McAleese criticises pope as populist who raises then dashes hopes

Document on same-sex blessings shows that Pope Francis ‘toes the old hard line’

Mary McAleese spoke of the document’s ‘unbearably vicious language which can only have brought more heartache to our gay children and to us their families’. File photograph: Nick Bradshaw

Mary McAleese spoke of the document’s ‘unbearably vicious language which can only have brought more heartache to our gay children and to us their families’. File photograph: Nick Bradshaw

 

Former president Mary McAleese has criticised Pope Francis as a populist who raises expectations only to dash them, following a Vatican document published on Monday which sustained a ban on same-sex blessings.

She described the document, approved by the pope, as “withering”.

About Francis himself, Ms McAleese said his “chummy words to the press often quite reasonably raise hopes of church reform which are subsequently almost invariably dashed by firm restatements of unchanged church teaching”.

While raising hopes, “he is the pope who toes the old hard line”, she said.

She has also written to Ireland’s Catholic bishops asking that they challenge language used about gay people in the document, published by the Congregation for the Doctrine of the Faith (CDF). She asked “if there is even one among you willing to acknowledge publicly that the language used in this most recent document from CDF is gratuitously cruel in the extreme”.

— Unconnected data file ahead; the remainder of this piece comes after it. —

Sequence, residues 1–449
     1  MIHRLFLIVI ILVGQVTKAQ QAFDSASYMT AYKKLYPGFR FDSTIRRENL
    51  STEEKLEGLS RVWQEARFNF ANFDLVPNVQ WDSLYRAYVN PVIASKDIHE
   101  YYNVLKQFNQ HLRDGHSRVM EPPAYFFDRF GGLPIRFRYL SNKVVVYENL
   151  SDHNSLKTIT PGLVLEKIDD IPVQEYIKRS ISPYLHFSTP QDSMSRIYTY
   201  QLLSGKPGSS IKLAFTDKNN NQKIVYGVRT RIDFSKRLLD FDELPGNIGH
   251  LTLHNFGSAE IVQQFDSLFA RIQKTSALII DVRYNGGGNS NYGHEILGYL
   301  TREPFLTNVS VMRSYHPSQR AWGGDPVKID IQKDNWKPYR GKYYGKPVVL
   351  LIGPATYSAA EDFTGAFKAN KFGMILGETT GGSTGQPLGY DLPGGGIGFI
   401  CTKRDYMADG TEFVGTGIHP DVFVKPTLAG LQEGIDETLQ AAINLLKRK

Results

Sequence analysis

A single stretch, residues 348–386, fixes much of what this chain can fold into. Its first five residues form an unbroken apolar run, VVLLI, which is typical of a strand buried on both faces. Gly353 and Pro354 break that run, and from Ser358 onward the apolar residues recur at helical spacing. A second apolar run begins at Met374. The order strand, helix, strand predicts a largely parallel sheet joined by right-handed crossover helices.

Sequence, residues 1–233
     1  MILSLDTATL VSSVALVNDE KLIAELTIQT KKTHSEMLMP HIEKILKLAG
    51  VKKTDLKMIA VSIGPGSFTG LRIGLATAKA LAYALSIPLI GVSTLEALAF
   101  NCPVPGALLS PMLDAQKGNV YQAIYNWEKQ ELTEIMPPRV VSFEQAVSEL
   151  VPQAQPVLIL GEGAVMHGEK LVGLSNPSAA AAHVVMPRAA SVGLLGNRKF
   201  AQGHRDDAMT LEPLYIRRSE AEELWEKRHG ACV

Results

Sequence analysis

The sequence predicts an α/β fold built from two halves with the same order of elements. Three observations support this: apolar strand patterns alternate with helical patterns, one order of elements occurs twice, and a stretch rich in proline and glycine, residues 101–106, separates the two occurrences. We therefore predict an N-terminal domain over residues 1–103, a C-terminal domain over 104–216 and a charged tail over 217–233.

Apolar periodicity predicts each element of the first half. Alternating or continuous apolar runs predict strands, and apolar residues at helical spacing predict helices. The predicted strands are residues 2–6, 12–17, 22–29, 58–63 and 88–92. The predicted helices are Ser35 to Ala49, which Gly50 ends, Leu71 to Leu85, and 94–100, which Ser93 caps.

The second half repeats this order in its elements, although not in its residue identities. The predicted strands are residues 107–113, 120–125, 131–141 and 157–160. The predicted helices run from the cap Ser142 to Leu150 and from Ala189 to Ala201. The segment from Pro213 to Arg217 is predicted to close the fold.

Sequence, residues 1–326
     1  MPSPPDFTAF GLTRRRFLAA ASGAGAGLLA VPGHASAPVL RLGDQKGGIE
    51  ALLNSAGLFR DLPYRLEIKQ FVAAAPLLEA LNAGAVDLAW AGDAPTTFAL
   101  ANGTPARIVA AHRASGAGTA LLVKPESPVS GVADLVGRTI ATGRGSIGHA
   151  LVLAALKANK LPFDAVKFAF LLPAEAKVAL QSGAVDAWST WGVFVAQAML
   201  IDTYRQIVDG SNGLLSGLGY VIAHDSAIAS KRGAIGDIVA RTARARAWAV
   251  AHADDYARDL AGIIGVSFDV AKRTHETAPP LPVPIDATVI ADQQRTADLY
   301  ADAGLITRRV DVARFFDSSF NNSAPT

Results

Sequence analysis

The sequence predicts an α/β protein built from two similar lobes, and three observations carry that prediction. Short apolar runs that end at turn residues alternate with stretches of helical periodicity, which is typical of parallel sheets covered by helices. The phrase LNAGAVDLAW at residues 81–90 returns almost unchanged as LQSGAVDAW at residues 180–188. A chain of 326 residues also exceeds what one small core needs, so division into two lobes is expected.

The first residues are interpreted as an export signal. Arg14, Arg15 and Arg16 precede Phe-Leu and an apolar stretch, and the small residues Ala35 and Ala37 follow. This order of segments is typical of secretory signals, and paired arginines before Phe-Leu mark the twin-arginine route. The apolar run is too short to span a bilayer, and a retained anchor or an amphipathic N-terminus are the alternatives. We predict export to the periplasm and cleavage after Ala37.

‘Vicious language’

In the letter to Catholic Primate Archbishop Eamon Martin, she spoke of the document’s “unbearably vicious language which can only have brought more heartache to our gay children and to us their families. Heartache and hurt fired like a missile from the centre of governance of the Church.”

She noted how the church “runs 90 per cent of our primary schools and 50 per cent of our second-level schools” and of “the right of our children not to be exposed to cruelly-worded teachings that conduce to homophobia”.

Referring to Catholic bishops elsewhere, some of whom have taken issue with the language in the CDF document, she asked: “Is there any vestige of such episcopal courage here?”

‘Breathtaking’

Meanwhile, the Association of Catholic Priests (ACP) has said the CDF document is “unfortunate and unwise”, and described as “breathtaking” the certainty with which the CDF assumed “what God can and cannot do” .

The “judgemental and discriminatory statement” left ACP leaders “saddened and disappointed”, and feeling “it is increasingly difficult to remain hopeful of an inclusive church”, they said.

The CDF document said it was “not licit” for Catholic priests to give blessings to same-sex couples as it was “necessary that what is blessed be objectively and positively ordered to receive and express grace , according to the designs of God inscribed in creation, and fully revealed by Christ the Lord”.